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  • The New Imperialism

    Article

    This Classic Pamphlet first published in 1970 comes with a new introduction written by the author M. E. Chamberlain.The New Imperialism - Introduction by M. E. Chamberlain Professor Emeritus at Swansea University. May 2010.When this pamphlet was first published imperialism was a hot political topic and battle raged between Marxist and...

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  • The Industrial Revolution in England

    Article

    Revolutions of the magnitude of the industrial revolution in England provoke historical controversy: such a revolution is a major discontinuity which a profession more skilled in explaining small changes finds difficult to understand. A revolution that touches a whole society is so diffuse that its significant events are difficult to...

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  • World War 2 Letters

    Article

    Lt. Richard (Dick) Kelner Williams volunteered for the Dorset Regiment in June 1940.  He trained in Wiltshire with the 6th and 70th Dorsets in 1940 and 41.  After a period in the Intelligence Section of the Dorsets he volunteered for the 1st Air Landing Squadron and the 43rd Reconnaissance Regiment before his commission...

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  • Edwardian England

    Article

    The Edwardian era is still less than a lifetime away. Yet the memoirs of surviving Edwardians, written any time between the nineteen-twenties and the nineteen sixties, have often made it sound like a remote epoch. The years between the death of Queen Victoria in 1901 and the outbreak of the...

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  • Towards Reform in 1809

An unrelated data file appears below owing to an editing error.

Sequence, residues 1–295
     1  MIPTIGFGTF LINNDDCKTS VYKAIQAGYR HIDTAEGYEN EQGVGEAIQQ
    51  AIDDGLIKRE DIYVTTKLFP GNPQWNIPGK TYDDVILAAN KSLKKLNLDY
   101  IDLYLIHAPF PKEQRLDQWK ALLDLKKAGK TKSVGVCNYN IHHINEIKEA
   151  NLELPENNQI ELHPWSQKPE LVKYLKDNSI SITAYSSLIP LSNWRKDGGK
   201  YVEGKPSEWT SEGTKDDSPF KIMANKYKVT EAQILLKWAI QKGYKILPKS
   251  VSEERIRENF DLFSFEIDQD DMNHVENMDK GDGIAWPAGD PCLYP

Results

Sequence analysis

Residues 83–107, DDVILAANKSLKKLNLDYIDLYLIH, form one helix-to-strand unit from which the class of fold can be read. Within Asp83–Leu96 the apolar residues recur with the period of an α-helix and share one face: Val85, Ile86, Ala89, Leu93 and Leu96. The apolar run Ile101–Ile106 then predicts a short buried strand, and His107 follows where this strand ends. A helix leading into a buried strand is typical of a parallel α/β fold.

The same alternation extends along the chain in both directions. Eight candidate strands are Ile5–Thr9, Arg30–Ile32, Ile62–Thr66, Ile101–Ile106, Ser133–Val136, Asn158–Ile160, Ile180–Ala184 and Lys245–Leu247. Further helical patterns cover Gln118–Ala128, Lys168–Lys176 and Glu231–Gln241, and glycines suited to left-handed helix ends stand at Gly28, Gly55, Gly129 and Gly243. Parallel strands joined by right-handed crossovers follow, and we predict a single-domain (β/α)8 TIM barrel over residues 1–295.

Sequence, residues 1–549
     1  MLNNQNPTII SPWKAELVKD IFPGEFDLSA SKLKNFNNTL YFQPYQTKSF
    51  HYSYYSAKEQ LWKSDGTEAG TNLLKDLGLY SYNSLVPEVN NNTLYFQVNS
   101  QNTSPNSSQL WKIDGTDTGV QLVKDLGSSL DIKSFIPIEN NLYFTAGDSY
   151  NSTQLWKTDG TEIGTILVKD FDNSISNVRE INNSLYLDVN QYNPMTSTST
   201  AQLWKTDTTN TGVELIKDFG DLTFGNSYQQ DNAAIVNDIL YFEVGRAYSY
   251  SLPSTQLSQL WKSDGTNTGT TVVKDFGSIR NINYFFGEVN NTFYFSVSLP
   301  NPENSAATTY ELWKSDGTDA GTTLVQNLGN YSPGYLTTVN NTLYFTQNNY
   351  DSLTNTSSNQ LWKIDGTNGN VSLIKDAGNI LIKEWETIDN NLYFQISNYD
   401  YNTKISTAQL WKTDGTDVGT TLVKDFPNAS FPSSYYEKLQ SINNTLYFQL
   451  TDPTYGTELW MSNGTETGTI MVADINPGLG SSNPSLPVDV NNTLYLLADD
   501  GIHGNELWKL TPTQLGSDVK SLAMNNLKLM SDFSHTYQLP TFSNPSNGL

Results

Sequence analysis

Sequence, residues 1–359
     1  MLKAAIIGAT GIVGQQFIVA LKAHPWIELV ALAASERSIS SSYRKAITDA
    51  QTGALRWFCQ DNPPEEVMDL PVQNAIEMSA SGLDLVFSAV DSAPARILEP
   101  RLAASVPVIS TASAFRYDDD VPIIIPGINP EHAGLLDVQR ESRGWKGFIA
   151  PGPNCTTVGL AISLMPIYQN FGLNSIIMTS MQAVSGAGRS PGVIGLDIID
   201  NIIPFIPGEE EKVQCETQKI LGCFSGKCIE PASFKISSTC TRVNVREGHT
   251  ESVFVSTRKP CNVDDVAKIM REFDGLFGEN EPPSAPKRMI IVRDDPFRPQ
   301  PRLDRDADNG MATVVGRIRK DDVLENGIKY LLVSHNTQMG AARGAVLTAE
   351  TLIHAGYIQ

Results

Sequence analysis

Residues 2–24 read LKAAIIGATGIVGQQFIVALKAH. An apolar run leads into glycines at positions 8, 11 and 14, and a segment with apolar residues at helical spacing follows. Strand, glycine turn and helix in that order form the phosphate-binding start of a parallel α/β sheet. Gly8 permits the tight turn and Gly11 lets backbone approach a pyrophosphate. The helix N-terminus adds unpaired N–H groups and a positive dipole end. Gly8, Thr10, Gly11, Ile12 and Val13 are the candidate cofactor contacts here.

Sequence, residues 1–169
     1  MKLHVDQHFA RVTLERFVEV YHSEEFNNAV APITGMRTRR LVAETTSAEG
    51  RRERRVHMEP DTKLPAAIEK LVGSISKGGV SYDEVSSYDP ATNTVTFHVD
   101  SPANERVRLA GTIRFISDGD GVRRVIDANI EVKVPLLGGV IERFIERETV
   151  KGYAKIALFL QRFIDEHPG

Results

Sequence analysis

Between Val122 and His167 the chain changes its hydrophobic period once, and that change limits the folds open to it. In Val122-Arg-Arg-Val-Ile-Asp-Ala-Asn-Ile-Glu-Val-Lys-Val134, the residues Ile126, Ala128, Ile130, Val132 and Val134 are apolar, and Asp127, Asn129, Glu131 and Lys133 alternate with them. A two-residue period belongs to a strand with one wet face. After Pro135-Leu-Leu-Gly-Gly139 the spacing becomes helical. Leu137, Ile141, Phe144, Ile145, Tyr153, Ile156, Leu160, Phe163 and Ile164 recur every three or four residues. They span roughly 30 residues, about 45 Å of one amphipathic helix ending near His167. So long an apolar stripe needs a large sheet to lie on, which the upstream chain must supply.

Article

    Two hundred years ago it must have seemed to some as if the time for political and economic reform in Britain had arrived. A number of the necessary conditions appeared to be in place:recent examples from America and France showing how readily and rapidly established systems could be overturnedseveral instances...

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  • The National Memorial to William Ewart Gladstone

    Article

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  • The 'Penny Dreadful'

    Article

    "I wish I know'd as much as you, Dick. How did you manage to pick it up?""Mother taught me most, and I read all the books I can get.""So do I; sich rattling tales, too ---‘The Black Phantom; or, the White Spectre of the Pink Rock.' Its fine, it is;...

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  • The Road to Dunkirk

    Article

    Seventy years after the outbreak of the Second World War, British foreign policy in the 1930s remains as controversial as ever. While appeasement is now a byword for political failure, the reasons for its adoption and the responsibility of the statesmen concerned are constantly debated. In general, opinion looks unfavourably...

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  • The Evolution of the British Electoral System 1832-1987

    Article

    During the last 20 years our perspective on the great Victorian question of parliamentary reform has noticeably changed. We have acquired a comprehensive picture of the organisation and political socialisation of those who won the vote; and some interesting debates have developed about the social characteristics of the electors and...

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  • The League of Nations

    Article

    It is common to see the failure of the League of Nations in its inability to stand up to the crises of the inter-war years.Peter Raffo shows that the League was flawed from the start. Never more than a voluntary association of sovereign states hoping to create ‘an atmosphere capable...

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  • Fascism in Europe 1919-1945

    Article

    The importance of fascism in 20th Century Europe is beyond question. But what was - or is - fascism?It is synonymous with authoritarian rule or the totalitarian state, or with both? In political terms, is fascism ‘right-wing' or ‘left-wing', revolutionary or reactionary? Why did it develop? Was it truly only...